So you could move out their and prove a homestead of 160 acres. Among other things, to prove your claim, you had to build a house, reside on and work the land for something like 7 years. And... to show intent to stay, you had to establish an orchard, reason being that it took several years of work before you got anything out of it. And, the settlers wanted their [hard] cider.

    [might be a bit fuzzy on the details. It's been a long time since I had to learn that stuff in the Cincinnati public schools]

    John Chapman — Johnny Appleseed — was a seedsman and orchardman from Pennsylvania. Had a nursery there. He saw the demand for Apple seedlings, so he filled it, bringing loads of seedlings to the Northwest Territories to sell to the settlers.

    Not crazy in the least. Just old-fashioned American entrepreneurial spirit.
    You would not enjoy Nietzsche, sir. He is fundamentally unsound. P.G. Wodehouse (Carry On, Jeeves)

  12. #12
    Join Date
    Dec 2003
    Location
    Portland, Oregon
    Posts
    51,007

    Default Re: 'Extinct' apple varieties rediscovered

    We've been thinking about planting another tree. Somewhere. We're kinda tight on space at this point. But here's the list of availables. I'm thinking maybe Empire, or Liberty. I think my sweetie will lobby for something tarter. Anyone have experience/opinions?

    https://portlandnursery.com/docs/fruits/Apples.pdf
    David G
    Harbor Woodworks
    https://www.facebook.com/HarborWoodworks/

    "It was a Sunday morning and Goddard gave thanks that there were still places where one could worship in temples not made by human hands." -- L. F. Herreshoff (The Compleat Cruiser)

  13. #13
    Join Date
    Sep 1999
    Location
    Louisville, Kentucky
    Posts
    26,629

    Default Re: 'Extinct' apple varieties rediscovered

    I've often wondered about the Johnny Appleseed story.

    Apple trees can be grown from seed. The question is why would you want to do so?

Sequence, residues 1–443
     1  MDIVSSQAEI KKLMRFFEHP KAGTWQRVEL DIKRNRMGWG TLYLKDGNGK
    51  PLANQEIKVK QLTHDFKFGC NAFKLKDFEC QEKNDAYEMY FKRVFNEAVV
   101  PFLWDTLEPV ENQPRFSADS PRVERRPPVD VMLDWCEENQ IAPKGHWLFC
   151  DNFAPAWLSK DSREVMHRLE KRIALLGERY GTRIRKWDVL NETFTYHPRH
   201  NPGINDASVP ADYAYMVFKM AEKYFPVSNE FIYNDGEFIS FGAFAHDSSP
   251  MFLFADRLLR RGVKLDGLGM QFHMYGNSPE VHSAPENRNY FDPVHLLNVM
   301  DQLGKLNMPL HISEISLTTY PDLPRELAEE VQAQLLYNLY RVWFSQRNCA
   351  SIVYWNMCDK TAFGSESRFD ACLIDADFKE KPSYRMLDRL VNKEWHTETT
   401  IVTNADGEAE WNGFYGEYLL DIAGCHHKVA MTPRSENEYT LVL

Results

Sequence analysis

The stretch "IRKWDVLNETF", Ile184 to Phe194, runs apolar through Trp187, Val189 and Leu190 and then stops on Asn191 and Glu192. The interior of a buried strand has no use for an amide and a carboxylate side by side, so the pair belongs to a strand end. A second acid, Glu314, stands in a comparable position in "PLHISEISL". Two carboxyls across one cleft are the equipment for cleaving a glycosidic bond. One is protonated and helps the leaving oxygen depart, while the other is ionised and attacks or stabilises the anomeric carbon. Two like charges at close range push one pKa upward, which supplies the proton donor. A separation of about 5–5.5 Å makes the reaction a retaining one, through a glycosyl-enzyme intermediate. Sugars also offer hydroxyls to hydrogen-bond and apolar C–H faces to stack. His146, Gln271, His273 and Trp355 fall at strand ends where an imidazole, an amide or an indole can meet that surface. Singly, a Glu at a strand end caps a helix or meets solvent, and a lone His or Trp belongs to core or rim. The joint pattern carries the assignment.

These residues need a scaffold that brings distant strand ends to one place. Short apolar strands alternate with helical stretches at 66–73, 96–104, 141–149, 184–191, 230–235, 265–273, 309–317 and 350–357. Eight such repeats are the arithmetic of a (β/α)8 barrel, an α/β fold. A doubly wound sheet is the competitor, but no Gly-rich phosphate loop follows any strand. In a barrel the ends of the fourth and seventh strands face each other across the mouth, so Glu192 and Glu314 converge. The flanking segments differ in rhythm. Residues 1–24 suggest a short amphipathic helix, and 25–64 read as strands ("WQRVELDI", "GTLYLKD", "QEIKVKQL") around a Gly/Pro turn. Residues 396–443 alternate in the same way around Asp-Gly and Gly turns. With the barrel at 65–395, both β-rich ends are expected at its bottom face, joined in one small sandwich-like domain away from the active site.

Apples do not reproduce true to type, meaning that the tree from the seed will produce apples that are almost certain to be different than the parent.

    Most apple varieties are self-unfruitful, which means their blossoms must be fertilized with the pollen of a separate variety in order to achieve good fruit set. The fruit produced will be the same as the parent tree, but the seeds will be a cross between the two varieties.

    Also, almost all varieties are unable to pollinate themselves. They rely on insects like bees to transfer pollen. Unless you pollinate the tree yourself by hand, there is no way to know who the other parent variety is.

    There's a very good chance the apples won't even be edible. Many apple trees are pollinated by crabapples, which are usually small and inedible. Also, while it might be edible, that doesn't mean it will taste great. The chances of getting a truly tasty apple are very small.

    Apple trees from seed take longer to produce fruit. It usually takes about 7-10 years before one can even tell if one is lucky and has good fruit.
    War is peace.
    Freedom is slavery.
    Ignorance is strength.
    Trump is doing beautifully.





  14. #14
    Join Date
    Jun 2003
    Location
    Central Coast, Ca
    Posts
    21,577

    Default Re: 'Extinct' apple varieties rediscovered

    Johnny Appleseed, from the Smithsonian...

    https://www.smithsonianmag.com/arts-...ier-180953263/

  15. #15
    Join Date
    Mar 2011
    Location
    Mukilteo, WA
    Posts
    1,906

    Default Re: 'Extinct' apple varieties rediscovered

    Johnny Appleseed planted from seed, specifically for cider. They would not have been edible for eating. He slept outside most of the time, moving into the wilderness several years ahead of the settlers, so he would have saplings to sell them. More like a hermit than a hippie. It is believed that he started millions of trees, and some of the edible varieties we have almost certainly were new varieties from his seeds.

    These are the facts as I remember them.

Posting Permissions

  • You may not post new threads
  • You may not post replies
  • You may not post attachments
  • You may not edit your posts
  •